Nana Can I Have A… on Storybird


My Heart Hurts When… on Storybird


Mixbook is another great site which I learned from Natasa Bozic Grojic’ s blogpost and here is the story she made with her son, “The Boy who listened”

Mixbook - Create Beautiful Photo Books and Scrapbooks! | View Sample Photo Books | Create your own Photo Book

But even a simple powerpoint slide show story can be great! Here is one I made with my nephew when he was about 5 years old using summer snapshots on the beach.

A Day On The Beach

Picture this:  A teacher is holding up a big book.

A group of children is gathered round her looking at the illustrations, listening to a story, acting out parts of it, involved  in the telling and retelling, noticing small details, repeating new words, learning new concepts.

Getting children to develop a love for books means spending time with books, reading them and making them. Whether you are teaching children in their mother tongue or in a foreign language, you will notice the great boost to language acquisition in the children.

Making their own books is the next logical step and early literacy teachers can apply everything they know to these enjoyable and memorable to children reading and early (or later) writing activities.

Resources

4. Make Books with Children Series: Here you can find a great range of books with ideas for making books with your classses. You may want to begin with the Making Books with Children.

Making Books with Children

  1. For Pop up books, you can visit here to watch and show the children short little movies of how Dave Carter, an author of popup books made some of his pop ups and the same page leads to some wonderful shapes in pdf format that you can copy and print out for your pupils to make their own books.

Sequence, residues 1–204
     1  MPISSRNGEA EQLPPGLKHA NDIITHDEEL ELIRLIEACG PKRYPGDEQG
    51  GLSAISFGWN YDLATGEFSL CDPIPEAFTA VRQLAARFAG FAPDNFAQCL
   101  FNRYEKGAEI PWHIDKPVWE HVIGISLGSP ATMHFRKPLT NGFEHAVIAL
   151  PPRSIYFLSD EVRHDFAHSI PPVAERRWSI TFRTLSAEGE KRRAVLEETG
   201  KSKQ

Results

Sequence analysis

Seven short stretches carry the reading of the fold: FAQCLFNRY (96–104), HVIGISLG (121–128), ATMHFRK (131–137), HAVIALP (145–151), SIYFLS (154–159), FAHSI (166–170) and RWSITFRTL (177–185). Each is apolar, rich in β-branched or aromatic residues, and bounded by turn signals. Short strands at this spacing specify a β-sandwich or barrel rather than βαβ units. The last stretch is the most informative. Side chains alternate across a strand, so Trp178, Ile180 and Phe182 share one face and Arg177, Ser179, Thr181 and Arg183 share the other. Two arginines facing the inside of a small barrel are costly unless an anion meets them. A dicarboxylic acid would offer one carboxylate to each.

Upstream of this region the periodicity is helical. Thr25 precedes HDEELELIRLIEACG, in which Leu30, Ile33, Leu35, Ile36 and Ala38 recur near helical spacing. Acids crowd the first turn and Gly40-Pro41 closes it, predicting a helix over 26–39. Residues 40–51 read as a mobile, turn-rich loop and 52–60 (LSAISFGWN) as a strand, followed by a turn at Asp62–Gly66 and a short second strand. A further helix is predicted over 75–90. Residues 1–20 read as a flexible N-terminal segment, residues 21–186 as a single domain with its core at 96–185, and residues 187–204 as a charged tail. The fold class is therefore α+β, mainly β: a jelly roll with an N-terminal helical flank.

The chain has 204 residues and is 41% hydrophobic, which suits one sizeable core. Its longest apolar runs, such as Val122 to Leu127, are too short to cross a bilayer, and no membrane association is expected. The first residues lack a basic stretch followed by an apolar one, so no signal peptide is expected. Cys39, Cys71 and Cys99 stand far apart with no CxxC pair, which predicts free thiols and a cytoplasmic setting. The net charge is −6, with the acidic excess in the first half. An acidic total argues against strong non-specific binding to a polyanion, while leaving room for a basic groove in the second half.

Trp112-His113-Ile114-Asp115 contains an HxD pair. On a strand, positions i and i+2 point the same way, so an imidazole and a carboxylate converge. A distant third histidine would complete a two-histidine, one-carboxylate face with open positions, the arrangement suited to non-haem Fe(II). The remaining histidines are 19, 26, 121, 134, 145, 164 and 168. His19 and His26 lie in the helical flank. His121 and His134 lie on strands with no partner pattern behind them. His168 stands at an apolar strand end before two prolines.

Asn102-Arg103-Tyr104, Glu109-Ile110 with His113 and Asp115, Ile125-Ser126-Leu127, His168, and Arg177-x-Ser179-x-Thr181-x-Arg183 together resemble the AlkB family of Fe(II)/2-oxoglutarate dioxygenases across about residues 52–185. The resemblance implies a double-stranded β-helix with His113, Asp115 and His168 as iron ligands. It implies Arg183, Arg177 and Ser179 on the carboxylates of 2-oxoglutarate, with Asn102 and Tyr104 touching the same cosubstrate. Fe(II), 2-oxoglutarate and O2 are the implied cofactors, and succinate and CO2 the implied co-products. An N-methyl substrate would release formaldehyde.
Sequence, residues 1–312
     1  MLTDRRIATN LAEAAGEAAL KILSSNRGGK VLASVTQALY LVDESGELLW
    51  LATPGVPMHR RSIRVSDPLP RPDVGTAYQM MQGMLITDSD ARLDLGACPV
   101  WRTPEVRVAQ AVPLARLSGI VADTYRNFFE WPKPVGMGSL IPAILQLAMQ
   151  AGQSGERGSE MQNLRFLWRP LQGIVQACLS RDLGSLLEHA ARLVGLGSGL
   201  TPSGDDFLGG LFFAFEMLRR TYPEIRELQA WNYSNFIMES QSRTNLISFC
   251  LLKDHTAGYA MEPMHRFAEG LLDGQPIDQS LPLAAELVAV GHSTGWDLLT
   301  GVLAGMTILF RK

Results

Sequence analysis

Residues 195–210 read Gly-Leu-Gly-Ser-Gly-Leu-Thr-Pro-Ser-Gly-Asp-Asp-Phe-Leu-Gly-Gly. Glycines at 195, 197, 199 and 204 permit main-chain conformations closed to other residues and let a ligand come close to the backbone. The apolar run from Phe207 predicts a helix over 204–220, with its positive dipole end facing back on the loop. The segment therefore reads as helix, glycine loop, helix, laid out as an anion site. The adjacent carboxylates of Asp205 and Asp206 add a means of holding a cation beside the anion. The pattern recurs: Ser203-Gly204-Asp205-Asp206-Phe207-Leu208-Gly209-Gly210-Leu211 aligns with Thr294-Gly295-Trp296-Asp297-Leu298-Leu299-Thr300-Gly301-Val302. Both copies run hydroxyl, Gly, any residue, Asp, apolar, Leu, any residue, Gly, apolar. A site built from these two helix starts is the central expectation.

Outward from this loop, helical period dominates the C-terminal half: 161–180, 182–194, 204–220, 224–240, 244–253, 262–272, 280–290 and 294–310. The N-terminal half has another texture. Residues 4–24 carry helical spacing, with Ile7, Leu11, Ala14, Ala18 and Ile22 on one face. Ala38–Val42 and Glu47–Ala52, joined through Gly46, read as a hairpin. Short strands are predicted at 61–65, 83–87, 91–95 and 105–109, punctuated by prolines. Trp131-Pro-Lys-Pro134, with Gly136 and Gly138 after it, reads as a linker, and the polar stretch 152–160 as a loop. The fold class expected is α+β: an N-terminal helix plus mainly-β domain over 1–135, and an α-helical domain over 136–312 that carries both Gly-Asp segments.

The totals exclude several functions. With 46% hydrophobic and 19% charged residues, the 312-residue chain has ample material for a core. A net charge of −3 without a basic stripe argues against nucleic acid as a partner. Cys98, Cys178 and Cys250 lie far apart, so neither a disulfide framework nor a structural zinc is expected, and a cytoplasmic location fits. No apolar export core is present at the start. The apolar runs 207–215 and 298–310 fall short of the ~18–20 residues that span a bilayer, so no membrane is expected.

2. Free Shape Books where you can find shapes to print
  3. ThinkQuest – A wonderful  site where you can find illustrated instructions  for many types of book shapes
Marisa Constantinides is the Director of Studies of CELT Athens and is responsible for the design and implementation of all the programmes offered by CELT.


Marisa’s main qualifications related to teaching are the RSA Diploma in TEFLA (DTEFLA), a precursor to the Cambridge DELTA Diploma, and an M.A. in Applied Linguistics from the University of Reading in the UK. Her involvement in Teacher Development Programmes started at the Hellenic American Union where she ran workshops for colleagues and State School Teachers, then with Longman Publications running numerous training seminars for them all over Greece.


Marisa Constantinides has written materials for children (Basic Grammar Workbooks 1, 2, & 3 published by English Schoolbook Publications), activity books for Cambridge Exams set texts, and numerous articles on Language, Foreign Language Teaching and Education. You can follow her English blog at http://marisaconstantinides.edublogs.org/



A huge thank you goes to Marisa Constantinides for sharing this wonderful post with us!  Please leave your comments for Marisa below….

This article is being shared with you by Deborah Stewart of Teach Preschool - Sharing the wonders of early learning in action!